Everything you need to know about GDPR
HR Tips Stefan Kingham
My mum is leaving it awfully close to the GDPR deadline to ask if I want to opt in to receive her emails, calls and texts.— Sharon O'Dea (@sharonodea) May 15, 2018
GDPR has been on many organisations’ corporate minds ever since it was approved by the European Parliament back in April 2016 and seems to be on everyone’s lips at the moment. So much so that GDPRday is currently trending on Twitter and a Google search of “GDPR” brings up over 118 million results. That’s almost 4 times as many searches as TV show “Westworld” but still 2 times less than “cute cats”. Any more random insights, anyone?
All joking aside, the GDPR is set to revolutionize the way companies process personal data and empower EU citizens to take back control, and we for one believe it was about time. So, without further ado, let’s get stuck in.
What’s this whole GDPR thing about?
GDPR stands for General Data Protection Regulation. Sounds particularly dull, doesn’t it? But see, it’s actually quite interesting if you look beyond the legal jargon and latch on to what it really means.
In a nutshell, GDPR is a regulation in EU law on data protection and privacy for all individuals within the EU and the European Economic Area. It basically aims to give control back to citizens over their personal data and harmonize data protection law across the European market.
The GDPR replaces the 1995 EU Data Protection Directive and takes effect today.
Lot of films aren’t GDPR compliant, actually. pic.twitter.com/sXkynSBWRy— Ian B (@TheAdmiral) May 21, 2018
What are companies and consumers saying about GDPR?
While it’s difficult to estimate what percentage of companies agree with GDPR, it’s fair to imagine that the majority of organizations recognize the need for this new regulation and actually support it. After all, GDPR isn’t necessarily bad for business, au contraire!
Wait what, how is GDPR actually good news for companies based in the EU?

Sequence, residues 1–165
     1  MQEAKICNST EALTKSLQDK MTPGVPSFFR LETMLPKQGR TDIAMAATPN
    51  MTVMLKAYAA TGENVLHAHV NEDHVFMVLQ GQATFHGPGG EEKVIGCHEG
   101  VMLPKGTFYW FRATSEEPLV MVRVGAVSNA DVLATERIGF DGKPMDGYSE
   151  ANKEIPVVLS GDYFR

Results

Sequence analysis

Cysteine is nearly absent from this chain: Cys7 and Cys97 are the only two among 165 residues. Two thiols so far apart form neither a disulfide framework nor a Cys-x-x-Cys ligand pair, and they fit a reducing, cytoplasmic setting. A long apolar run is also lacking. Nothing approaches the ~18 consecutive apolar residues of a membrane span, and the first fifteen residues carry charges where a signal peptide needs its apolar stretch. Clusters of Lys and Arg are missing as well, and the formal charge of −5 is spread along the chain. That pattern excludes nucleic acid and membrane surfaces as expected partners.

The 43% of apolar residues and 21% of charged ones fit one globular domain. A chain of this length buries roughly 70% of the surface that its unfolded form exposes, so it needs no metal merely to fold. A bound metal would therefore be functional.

- Harmonized data protections laws across the whole continent mean that all companies operating in Europe will abide by the same rules, regulations and conditions regarding data protection. (This was NOT the case before GDPR!).
- In theory, GDPR-compliant companies will generate a higher level of trust and therefore gain an advantage over competitors who don’t comply.
- GDPR focuses on first-party data, i.e data of the highest quality that comes directly from customers. In other words, GDPR-compliant companies will have access to better data, and in principle, better leads.
And seeing as the arrival of GDPR will put the control of personal data back into the hands of the individual, consumers have mostly welcomed this change.
Happy #GDPR day! The world looks so different now doesn't it? Like everyone you meet just has this air of newfound respect for personal information.— Matt Collins (@charitychap) May 25, 2018
Why was GDPR initially drafted?
So, let’s be honest. Businesses have been engaging in dodgy data practices for years. The recent Facebook-Cambridge Analytica scandal certainly brought the debate on user data privacy to the spotlight, but let’s not kid ourselves into thinking this is a new phenomenon.
In case you missed Mark Zuckerberg's Cambridge Analytic apology, here's an executive summary. pic.twitter.com/G23sPRuyQW— Greg Flannigan (@gregflannigan) March 21, 2018
Deutsche Telekom, Europe’s biggest telecommunications firm at the time, confirmed in 2008 the theft of personal data of more than 17 million of its mobile phone customers, including politicians, ministers and TV stars! Oh yea, and Yahoo casually disclosed that all of its 3 billion email users were most likely compromised in a data breach back in 2013.
The internet has changed A LOT since 1995 and data privacy regulations were in desperate need of an update!
As well as the whole need to ensure data privacy regulations were up to date with current practices, the EU also wanted to give organizations more clarity with regards to the legal environment that dictates how they can behave. Why? Because the EU predicts that companies could collectively save €2.3 billion annually by making data protection laws identical throughout member states.
What is GDPR compliance?
In order for a company to be GDPR compliant, they must abide by the following principles:
- Data must be processed lawfully, fairly and in a transparent manner in relation to individuals (lawfulness, fairness and transparency)
- Data can only be collected for specified, explicit and legitimate purposes and not further processed in a manner that is incompatible with those purposes (purpose limitation)
- The scope of the data must be adequate, relevant and limited to what is necessary in relation to the purposes for which they are processed (data minimisation)